Coming up bust in Vegas


Lawyer blasts conflicts in state’s marijuana laws

By Francis McCabe

Attorney Bob Draskovich believes the Legislature “violated the will of the people” by passing a medical marijuana law that provides no way for a patient to legally obtain the substance .

Draskovich and his law partners on Monday lauded District Judge Donald Mosley’s ruling last week that declared the state’s law allowing medical marijuana distribution unconstitutional.

Mosley’s decision, first reported by the Review-Journal, set the stage for a Supreme Court showdown as it conflicted with a fellow judge’s ruling that found the same law valid.

“We have one district court that’s saying medicinal marijuana is unconstitutional and we have another saying the exact opposite. We’re hoping the Nevada Supreme Court addresses this split in the district (courts) as soon as possible,” Draskovich said.

District Attorney Steve Wolfson did not return a call requesting comment on Mosley’s ruling.

As it stands, one Nevada law allows medical marijuana cardholders to possess, deliver or produce minute amounts of marijuana for pain relief. But other state laws make it illegal to buy or sell marijuana, leaving no realistic way for patients to obtain the herb.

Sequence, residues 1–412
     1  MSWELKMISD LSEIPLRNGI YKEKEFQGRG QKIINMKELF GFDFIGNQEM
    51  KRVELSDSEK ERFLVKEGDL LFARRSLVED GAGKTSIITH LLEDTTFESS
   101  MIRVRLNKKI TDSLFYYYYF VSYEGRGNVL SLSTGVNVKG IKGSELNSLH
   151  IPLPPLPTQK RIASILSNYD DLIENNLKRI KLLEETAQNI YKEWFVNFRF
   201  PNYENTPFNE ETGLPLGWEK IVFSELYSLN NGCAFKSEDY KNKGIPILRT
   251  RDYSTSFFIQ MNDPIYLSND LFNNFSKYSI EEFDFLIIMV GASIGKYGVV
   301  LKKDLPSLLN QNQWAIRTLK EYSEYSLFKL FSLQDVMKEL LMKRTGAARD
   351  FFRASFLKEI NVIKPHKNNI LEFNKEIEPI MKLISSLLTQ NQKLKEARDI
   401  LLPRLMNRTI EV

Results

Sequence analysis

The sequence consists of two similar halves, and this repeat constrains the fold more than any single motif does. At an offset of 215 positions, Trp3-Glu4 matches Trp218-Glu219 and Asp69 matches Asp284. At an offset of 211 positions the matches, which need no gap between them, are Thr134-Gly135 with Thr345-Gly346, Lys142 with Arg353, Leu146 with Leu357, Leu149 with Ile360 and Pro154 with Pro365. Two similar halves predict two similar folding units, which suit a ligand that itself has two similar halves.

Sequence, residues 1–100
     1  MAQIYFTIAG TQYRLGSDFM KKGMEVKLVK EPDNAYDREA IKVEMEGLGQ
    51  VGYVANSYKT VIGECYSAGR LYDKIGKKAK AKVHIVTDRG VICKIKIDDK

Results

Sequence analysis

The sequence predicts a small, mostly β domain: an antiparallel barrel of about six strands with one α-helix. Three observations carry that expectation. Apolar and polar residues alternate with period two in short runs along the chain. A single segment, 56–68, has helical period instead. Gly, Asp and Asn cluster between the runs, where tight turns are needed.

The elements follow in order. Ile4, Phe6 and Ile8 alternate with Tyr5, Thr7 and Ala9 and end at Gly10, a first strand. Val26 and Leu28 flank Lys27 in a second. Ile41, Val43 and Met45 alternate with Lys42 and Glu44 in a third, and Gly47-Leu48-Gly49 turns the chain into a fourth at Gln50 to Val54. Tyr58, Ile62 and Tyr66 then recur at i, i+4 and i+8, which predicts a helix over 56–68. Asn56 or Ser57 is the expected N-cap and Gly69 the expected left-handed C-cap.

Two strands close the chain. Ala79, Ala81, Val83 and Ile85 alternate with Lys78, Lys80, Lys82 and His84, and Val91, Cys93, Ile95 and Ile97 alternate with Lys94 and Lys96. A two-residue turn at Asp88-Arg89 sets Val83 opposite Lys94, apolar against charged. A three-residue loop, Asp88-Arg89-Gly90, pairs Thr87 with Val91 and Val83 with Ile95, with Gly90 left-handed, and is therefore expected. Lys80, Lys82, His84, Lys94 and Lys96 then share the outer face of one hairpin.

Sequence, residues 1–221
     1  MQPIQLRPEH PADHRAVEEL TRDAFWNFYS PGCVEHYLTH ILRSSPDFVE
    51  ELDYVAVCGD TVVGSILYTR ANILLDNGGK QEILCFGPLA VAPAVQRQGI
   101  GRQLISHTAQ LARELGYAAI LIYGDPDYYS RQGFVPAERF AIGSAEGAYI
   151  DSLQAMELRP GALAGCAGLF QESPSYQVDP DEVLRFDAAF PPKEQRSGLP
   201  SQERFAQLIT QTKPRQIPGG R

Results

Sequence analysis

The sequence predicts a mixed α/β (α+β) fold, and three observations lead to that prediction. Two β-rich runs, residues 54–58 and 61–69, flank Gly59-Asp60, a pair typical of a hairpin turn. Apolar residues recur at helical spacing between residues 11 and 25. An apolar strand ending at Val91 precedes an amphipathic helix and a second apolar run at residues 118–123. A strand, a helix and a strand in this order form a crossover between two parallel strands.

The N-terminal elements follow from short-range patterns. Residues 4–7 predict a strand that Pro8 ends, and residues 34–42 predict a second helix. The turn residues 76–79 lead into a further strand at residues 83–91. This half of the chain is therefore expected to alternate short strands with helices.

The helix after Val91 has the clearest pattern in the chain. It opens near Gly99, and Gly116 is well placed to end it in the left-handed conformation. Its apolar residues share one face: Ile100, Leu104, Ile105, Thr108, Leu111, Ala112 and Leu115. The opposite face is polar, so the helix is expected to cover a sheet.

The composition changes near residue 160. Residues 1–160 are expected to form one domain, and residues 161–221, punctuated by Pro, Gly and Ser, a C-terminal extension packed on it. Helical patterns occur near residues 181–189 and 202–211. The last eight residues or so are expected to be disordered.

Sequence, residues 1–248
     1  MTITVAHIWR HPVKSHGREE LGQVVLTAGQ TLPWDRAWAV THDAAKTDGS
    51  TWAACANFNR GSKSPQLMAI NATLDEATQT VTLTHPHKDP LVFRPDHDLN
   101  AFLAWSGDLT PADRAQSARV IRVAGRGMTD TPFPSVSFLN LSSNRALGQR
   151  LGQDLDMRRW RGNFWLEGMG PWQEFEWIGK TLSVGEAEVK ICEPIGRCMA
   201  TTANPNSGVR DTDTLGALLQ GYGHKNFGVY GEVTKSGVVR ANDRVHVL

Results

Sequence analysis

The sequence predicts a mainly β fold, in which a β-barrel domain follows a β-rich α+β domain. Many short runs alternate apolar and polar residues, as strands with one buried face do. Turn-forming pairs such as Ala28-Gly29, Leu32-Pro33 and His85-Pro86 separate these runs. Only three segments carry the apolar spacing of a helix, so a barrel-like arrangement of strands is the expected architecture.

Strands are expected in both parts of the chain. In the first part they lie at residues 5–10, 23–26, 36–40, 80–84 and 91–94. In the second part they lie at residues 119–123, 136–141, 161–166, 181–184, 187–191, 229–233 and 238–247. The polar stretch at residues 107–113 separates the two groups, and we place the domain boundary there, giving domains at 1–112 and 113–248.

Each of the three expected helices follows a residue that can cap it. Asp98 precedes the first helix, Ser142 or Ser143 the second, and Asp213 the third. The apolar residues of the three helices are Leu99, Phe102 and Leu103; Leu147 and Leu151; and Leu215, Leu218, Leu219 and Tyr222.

Prosecutors say local marijuana dispensary staff suggested a specific cash donation for the marijuana, which under state law qualifies as “consideration” and is illegal. Also, the dispensaries were growing an abundance of marijuana plants, more than the seven plants allowed under the medical marijuana law.

Under the constitutional amendment, ratified by Nevada voters in 2000, “the Legislature shall provide by law for …appropriate methods for supply of the plant to patients authorized to use it.”

Draskovich said the only way a patient can now legally possess marijuana is to first commit a crime to obtain it.

By not clearing the way for a patient to legally obtain marijuana, the Legislature failed to abide by the amendment to the state constitution that led to the enactment of the law, the lawyer explained.

More than a dozen defendants in several cases are facing criminal charges for distributing medical marijuana. The defendants say they were trying to fill a void left by the Legislature and supply medical marijuana to patients unable to grow it themselves.

But authorities have cracked down and closed nearly all the local entities distributing marijuana to state-registered patients because, the authorities allege, the cooperatives are violating Nevada criminal law.

Meanwhile, if the state’s high court takes up the issue, it either could direct the district courts to move forward with trials based on the criminal statutes or force the Legislature to review the medical marijuana law